There are spring rolls and there’s pho… but you really haven’t been to Hanoi / Vietnam if you haven’t had Bun Cha.
This was the first place we tried for Bun Cha, and frustratingly, everyone else I’ve asked subsequently points me to this same joint. It’s not that the food wasn’t good (it was GREAT!), but it did feel as if we were being charged “tourist” prices at 100,000VND per person, which is about 3 times the price at less famous roadside joints. To be fair, we did try alternatives and they were all lesser incarnations, so maybe Dac Kim knows they’ve got the market cornered. To be more specific, the lesser incarnations are likely to only come with the meat patties in broth (which still tends to be dry) and without the spring rolls.
There’s no need to stress about what to order. Just tell them how many people are eating and they haul out the corresponding motherload of meat. The meats and sauces are just FAB. BEW. LUSS. One of the staff came over to point at what goes with what, but frankly every combo – no matter how strange it may seem to a Hanoian – tastes amazing. The crispy Nem Cua Be (Crab Springrolls) go perfectly with the bowl of sauce that you flavour accordingly (depending on your heat and bad breath tolerance) with chili padi and garlic. You can then dunk chopstickfuls (did I just invent a new word?) of white noodles into that bowl of porky paradise. The broth is flavourful without being overpowering, containing slices of meat that live in harmony with mini patties of ground meat wrapped in a little green leaf. They didn’t live very long.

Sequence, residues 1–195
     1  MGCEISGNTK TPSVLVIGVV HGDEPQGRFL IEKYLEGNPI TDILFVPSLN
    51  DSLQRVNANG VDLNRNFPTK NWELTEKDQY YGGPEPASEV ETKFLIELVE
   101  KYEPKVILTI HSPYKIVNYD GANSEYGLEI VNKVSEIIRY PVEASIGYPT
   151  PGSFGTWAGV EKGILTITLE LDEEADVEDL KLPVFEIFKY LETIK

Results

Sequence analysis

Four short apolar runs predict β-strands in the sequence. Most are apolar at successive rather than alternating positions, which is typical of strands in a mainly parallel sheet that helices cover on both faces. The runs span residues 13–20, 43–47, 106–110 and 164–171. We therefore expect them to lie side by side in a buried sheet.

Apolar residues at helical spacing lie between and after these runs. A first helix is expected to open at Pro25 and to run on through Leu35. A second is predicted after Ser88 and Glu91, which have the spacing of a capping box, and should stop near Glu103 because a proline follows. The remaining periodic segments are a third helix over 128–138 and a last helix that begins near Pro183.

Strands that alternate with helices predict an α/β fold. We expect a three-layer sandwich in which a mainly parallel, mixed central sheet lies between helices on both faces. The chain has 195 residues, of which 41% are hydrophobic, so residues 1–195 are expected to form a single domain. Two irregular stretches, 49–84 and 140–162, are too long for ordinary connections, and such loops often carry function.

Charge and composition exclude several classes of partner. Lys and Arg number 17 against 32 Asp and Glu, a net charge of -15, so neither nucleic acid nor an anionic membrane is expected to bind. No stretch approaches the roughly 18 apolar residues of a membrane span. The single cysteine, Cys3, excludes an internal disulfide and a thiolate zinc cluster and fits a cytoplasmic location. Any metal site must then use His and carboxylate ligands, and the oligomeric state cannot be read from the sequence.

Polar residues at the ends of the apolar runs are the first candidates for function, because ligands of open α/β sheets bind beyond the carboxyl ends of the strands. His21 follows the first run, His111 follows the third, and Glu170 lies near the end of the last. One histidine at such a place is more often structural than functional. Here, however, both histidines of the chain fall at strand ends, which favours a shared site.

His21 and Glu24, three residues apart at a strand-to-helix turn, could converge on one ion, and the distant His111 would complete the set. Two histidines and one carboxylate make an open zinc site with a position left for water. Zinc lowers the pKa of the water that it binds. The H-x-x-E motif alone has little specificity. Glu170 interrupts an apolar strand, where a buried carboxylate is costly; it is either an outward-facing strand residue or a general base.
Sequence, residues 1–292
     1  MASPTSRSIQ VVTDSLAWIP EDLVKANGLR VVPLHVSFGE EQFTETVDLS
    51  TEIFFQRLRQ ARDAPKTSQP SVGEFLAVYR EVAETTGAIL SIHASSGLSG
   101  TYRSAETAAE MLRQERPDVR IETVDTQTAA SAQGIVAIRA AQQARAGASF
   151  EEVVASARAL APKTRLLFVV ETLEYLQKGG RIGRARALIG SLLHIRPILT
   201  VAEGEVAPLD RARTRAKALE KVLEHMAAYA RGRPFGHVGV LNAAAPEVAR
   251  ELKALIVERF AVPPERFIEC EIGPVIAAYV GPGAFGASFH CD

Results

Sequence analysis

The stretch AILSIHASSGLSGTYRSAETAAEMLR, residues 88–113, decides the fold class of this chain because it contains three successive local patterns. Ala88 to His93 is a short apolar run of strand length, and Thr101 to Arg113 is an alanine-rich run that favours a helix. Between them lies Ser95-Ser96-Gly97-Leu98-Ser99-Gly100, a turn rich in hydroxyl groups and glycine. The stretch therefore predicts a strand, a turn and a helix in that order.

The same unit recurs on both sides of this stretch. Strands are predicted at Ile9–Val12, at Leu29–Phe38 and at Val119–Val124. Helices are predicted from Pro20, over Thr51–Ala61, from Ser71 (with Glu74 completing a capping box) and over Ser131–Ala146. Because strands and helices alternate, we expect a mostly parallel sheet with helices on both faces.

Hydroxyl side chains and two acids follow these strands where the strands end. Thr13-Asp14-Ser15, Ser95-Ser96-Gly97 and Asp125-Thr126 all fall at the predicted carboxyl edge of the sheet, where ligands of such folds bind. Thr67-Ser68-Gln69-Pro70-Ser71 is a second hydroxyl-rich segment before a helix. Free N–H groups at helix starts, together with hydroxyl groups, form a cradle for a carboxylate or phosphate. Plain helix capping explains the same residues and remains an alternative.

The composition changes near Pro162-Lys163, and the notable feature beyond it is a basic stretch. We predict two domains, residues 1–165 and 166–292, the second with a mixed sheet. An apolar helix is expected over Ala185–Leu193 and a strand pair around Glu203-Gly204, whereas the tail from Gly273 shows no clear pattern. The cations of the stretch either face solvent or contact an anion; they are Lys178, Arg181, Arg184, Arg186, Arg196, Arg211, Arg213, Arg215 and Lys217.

Hygiene tip: There’s a wise saying that if you want to eat good street food, try not to see how it’s prepared. Unfortunately, I was curious enough to see what happened to the mountain of assorted greens that comes with each Bun Cha portion. Most people are unlikely to get even half-way through. Turns out that the leftovers go back into the central pile of vegetables to be dished out to the next customer. I’m already not a fan of coriander, so this moment of “enlightenment” made sure I never had raw vegetables again in Hanoi – especially when they come in generous piles.
Next door is a interesting distraction while you’re chomping down with god knows how many musical instruments stuffed into a store. Meat + Music = Yumm… And don’t forget the beer (or “bia” as the Vietnamese say…)
Dac Kim Bun Cha
1 Hang Manh